In the Bard on the Beach production of Timon of Athens, Timon is cast as a wealthy woman. When she invites all of her friends, most of whom are also wealthy, to a party, she begins to share her possessions with them, lavishing them with gifts and even helping a friend with a loan.
When Timon finds herself in desperate need of money, her friends refuse to help. Spiraling into madness and destruction as her world is flipped around, she comes to question everything she knows.
This is ultimately the entire story in this simple and somewhat flimsy tragedy. Difficult to date, it is even questionable as to who actually wrote it, as it believed Shakespeare co-wrote it with another author.
Despite its simplicity, director Meg Roe has taken what is often considered one of the Bard’s ‘problem plays’ and created an engaging piece of theatre. Removing large chunks from the original, she also alters Shakespeare’s story by casting women in the traditional male roles, and men in the female roles.
The result is a refreshing and much needed change to the story. Roe also does a nice job of bringing the story into the present day, without making it feel forced. She is helped immensely by Drew Facey’s set design with a stark, and modern home, where the use of exposed trusses, allows the space to be cleverly transformed and deconstructed.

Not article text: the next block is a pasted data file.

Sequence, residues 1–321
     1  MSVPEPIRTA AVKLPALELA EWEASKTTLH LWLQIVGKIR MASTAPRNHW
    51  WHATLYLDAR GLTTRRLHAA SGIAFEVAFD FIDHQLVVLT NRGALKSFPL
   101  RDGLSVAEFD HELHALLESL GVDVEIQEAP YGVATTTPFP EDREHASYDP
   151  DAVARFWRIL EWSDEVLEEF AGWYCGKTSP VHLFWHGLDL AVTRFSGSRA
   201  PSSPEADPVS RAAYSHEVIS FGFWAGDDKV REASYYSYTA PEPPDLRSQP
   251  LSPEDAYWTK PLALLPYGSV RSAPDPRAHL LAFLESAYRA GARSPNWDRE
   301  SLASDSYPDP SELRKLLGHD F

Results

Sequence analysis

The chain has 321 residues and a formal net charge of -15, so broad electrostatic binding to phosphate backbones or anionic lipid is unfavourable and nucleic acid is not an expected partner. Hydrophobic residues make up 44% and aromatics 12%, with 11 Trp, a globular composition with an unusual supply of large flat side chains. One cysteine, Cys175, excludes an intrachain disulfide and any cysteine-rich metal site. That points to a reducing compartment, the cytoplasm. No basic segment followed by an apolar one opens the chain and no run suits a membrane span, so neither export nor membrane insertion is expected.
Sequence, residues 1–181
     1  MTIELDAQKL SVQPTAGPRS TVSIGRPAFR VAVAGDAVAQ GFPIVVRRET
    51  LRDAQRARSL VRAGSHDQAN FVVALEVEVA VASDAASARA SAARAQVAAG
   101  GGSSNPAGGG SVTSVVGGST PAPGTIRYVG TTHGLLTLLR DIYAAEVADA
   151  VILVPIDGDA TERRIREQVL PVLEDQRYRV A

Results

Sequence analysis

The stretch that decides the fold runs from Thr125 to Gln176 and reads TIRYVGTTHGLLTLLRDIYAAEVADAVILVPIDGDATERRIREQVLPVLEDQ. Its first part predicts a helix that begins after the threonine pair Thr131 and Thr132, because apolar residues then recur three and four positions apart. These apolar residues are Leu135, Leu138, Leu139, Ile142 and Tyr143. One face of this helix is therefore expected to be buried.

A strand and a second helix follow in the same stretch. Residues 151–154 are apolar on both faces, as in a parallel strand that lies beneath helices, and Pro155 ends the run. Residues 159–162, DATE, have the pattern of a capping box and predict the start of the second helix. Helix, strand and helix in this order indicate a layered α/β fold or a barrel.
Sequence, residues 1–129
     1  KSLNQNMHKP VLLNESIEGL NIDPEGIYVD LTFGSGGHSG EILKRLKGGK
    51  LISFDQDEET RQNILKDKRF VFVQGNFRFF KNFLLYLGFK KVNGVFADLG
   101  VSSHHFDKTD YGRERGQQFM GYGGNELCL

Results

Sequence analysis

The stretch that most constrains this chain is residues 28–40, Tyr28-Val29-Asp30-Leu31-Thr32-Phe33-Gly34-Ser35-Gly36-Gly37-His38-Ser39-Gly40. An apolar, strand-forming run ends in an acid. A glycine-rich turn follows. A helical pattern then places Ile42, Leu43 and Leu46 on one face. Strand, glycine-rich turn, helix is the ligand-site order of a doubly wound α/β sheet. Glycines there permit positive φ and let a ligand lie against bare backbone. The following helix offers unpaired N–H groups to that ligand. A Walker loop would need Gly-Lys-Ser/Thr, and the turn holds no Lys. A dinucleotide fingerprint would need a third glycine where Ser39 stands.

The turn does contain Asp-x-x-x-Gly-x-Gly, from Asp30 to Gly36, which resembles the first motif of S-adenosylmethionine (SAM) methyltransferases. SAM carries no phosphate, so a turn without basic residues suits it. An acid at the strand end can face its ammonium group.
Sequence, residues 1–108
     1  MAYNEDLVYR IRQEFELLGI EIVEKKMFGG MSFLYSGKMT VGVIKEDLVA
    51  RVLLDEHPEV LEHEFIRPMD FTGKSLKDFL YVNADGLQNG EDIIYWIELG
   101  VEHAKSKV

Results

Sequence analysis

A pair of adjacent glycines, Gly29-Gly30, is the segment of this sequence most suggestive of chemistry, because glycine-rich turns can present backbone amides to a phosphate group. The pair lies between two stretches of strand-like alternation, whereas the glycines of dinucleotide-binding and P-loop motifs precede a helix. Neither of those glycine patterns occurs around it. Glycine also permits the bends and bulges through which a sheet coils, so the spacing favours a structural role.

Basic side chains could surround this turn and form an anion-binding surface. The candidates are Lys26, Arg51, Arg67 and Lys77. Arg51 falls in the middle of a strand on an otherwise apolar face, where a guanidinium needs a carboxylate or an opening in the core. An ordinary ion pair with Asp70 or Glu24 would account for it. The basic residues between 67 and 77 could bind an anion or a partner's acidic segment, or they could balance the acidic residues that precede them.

The climax of the play comes after Timon hosts another dinner party to confront her “friends”. Serving them only water, she throws it at her guests, and begins the destruction of the set until it is completely dismantled.
Watching Colleen Wheeler, in a powerful performance as Timon, pant through her text as rips apart the stage floor is both exciting, and empowering.
What follows though feels unnecessary. After the chaos, it feels as if Roe (and Shakespeare) have nowhere left to go. The result is a last quarter that drags.
Besides Wheeler’s outstanding performance, Quelemia Sparrow does a comedic, though sometimes over the top, performance as Ventidius. Moya O’Connell and Ming Hudson, as Timon’s assistants, are an endearing pair.
While there is a risk of getting bored by the simplicity of Timon of Athens until its climax, this company manages a production that is an often bold take on an otherwise difficult and slight play. If only director Roe had taken a page from her own playbook, and purged its final quarter.
Timon of Athens by William Shakespeare. Directed by Meg Roe. Playing in repertory with Lysistrata on the Howard Family Stage at the Bard on the Beach Shakespeare Festival (Vanier Park) until September 9. Visit bardonthebeach.org for tickets and information.